Satellites reveal differences in sea level rises link
Glaciers are retreating and parts of the ice sheets on Greenland and Antarctica are melting into the ocean.
This must result in a rise in sea level, but by how much?
A new measurement of the gravity everywhere around the globe with a pair of orbiting satellites provides the first ever map detailing the rises across different parts of the globe.
According to the new results, the annual world average sea level rise is about 1 millimeter, or about 0.04 of an inch.
In some areas, such as the Pacific Ocean near the equator and the waters offshore from India and north of the Amazon River, the rise is larger.
In some areas, such as the east coast of the United States, the sea level has actually dropped a bit over the past decade.
The surface of the sea is a constantly shifting fabric.
To achieve a truer sense of how much the sea is changing in any one place, scientists measure the strength of gravity in that place.
Measuring gravity over a patch of ocean or dry land provides an estimate of how much mass lies in that region.
The measured mass depends on the presence of such things as mountains, glaciers, mineral deposits, and oceans.
If the gravity measurement for a place is changing, this could mean that the place is losing mass because of a retreating glacier or gaining mass if, as in the ocean surrounding Antarctica, new melt water is streaming in.
The Gravity Recovery and Climate Experiment, or GRACE for short, consists of a pair of satellites moving in an orbit that takes them over the South and North Poles.
The two craft, nicknamed Tom and Jerry after the television cartoon characters, send constant signals to each other to determine their relative spacing to about 10 microns -- one-tenth the width of a human hair -- over a distance of 130 miles.
If the first craft flies above a slightly more weighty area of the Earths' surface -- like a mountain range -- it will be tugged a bit out of place, an effect picked up by a change in the relative spacing of the craft.
In these way monthly gravity maps of pieces of land or ocean about 180 miles wide can be made with high precision.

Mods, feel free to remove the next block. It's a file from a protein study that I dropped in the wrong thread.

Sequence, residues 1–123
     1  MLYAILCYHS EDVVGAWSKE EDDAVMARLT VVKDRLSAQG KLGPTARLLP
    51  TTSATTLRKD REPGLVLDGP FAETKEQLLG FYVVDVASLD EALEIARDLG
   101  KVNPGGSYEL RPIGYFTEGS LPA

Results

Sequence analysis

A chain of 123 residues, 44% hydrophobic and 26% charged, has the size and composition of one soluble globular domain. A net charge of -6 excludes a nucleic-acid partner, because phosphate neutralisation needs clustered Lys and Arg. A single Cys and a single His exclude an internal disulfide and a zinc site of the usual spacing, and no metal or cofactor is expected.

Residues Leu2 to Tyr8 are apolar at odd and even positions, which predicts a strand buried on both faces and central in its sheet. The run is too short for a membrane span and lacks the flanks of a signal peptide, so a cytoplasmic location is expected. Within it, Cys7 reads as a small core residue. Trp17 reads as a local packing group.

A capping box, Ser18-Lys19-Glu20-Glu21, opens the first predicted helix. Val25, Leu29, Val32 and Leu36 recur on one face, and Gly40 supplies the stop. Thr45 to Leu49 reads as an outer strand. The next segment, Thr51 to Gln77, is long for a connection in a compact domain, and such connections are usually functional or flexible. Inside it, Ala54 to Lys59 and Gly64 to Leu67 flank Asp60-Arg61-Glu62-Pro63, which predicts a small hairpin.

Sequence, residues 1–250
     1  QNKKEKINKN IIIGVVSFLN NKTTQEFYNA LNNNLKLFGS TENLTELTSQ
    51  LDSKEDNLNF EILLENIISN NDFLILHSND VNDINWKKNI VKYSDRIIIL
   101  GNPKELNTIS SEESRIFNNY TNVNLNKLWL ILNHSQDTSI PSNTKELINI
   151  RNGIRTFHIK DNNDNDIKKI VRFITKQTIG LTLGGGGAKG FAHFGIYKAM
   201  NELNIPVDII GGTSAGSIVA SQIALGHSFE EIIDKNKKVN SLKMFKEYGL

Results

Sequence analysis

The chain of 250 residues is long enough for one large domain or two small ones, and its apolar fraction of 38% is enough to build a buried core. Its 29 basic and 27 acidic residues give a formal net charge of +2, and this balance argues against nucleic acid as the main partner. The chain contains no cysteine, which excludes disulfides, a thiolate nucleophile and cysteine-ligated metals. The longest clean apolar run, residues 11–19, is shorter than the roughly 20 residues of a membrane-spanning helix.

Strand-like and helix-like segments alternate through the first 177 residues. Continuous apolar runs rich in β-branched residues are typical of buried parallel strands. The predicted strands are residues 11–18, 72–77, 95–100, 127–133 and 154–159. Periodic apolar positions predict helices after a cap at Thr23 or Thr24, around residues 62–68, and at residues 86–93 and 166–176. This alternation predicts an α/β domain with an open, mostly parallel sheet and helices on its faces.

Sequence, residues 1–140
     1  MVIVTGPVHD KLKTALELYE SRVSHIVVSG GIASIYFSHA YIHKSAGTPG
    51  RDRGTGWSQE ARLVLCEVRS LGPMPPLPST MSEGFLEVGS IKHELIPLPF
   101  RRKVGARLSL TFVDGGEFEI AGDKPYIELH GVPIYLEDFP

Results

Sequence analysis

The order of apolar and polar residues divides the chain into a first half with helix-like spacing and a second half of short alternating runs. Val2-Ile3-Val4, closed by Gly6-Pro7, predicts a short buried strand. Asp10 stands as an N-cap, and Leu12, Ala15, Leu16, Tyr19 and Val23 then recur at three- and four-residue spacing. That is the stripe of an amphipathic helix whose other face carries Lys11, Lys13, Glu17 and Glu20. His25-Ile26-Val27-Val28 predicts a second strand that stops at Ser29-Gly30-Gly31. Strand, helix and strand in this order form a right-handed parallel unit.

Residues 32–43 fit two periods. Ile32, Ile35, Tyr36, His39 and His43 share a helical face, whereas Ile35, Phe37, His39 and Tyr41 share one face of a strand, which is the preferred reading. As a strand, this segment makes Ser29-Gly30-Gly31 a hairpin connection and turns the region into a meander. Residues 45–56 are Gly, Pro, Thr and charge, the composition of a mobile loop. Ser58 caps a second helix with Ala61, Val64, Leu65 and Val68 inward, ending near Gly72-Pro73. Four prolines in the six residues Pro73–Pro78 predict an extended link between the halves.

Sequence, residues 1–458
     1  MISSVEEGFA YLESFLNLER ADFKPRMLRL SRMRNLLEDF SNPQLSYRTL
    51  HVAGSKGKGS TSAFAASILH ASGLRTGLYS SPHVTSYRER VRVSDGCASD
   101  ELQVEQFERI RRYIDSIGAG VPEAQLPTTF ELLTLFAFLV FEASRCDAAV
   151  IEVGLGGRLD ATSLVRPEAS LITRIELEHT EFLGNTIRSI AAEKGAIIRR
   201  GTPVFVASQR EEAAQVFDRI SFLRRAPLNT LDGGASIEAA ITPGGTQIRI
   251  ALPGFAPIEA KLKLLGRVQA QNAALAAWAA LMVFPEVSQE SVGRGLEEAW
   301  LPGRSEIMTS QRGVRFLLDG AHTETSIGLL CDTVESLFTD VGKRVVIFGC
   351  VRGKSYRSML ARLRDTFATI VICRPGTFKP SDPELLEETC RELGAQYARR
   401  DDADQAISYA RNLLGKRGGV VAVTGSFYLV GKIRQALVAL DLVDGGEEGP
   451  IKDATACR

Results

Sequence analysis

The new report for the years of 2003-09 looks at how much mass has been lost from land areas and how much mass has been gained by ocean areas.
One of the authors of the report, Riccardo Riva from the Delft University of Technology in the Netherlands, said that average annual rise in sea level rise due to meltwater entering the ocean is about 1 millimeter, but that an additional rise will come from that fact that as the average temperature rises so does the ocean temperature, which in turn causes the volume of the ocean to increase.
"The most important result of the new report is the measurement of the sea level changes for specific regions of the Earth that are based on direct and global measurements of mass change," Riva said.
Mark Tamisiea, who works at the National Oceanography Centre in Southampton, England, and was not involved in the GRACE work, believes the new report represents good research.
"As coastal sea level changes impact society, it is important for us to understand as much about the local differences from the global average as possible," Tamisiea said. "These results are one piece in that puzzle."
"GRACE is definitely the 'real deal' when it comes from measuring climate change from space," said Joshua Willis, an ocean expert at the Jet Propulsion Laboratory in Pasadena, Calif. "This work by Dr. Riva and company reminds us that the world's oceans don't behave like a giant bathtub. As the ice melts and the water finds its way back to the ocean, the resulting sea level rise won't be the same all over the world."
"These effects are still small in today's rising ocean, but as we look out over the next century, the patterns of sea level change due to melting ice will be magnified many times over as the ice sheets thin and melt," Willis said.
Looking at the actual map of sea level rises presents an ironic twist. Offshore the areas where melting ice is most rapidly falling into the ocean -- such as Greenland and Antarctica -- the sea level appears to be falling.
"The main reason for this is the rebound of the solid Earth," explained Riva.
"Less ice causes the continents go up, and therefore sea level drops. Meltwater distributes around quite quickly, in most cases, so there is no accumulation due to that."
The new GRACE results appear in the journal Geophysical Research Letters.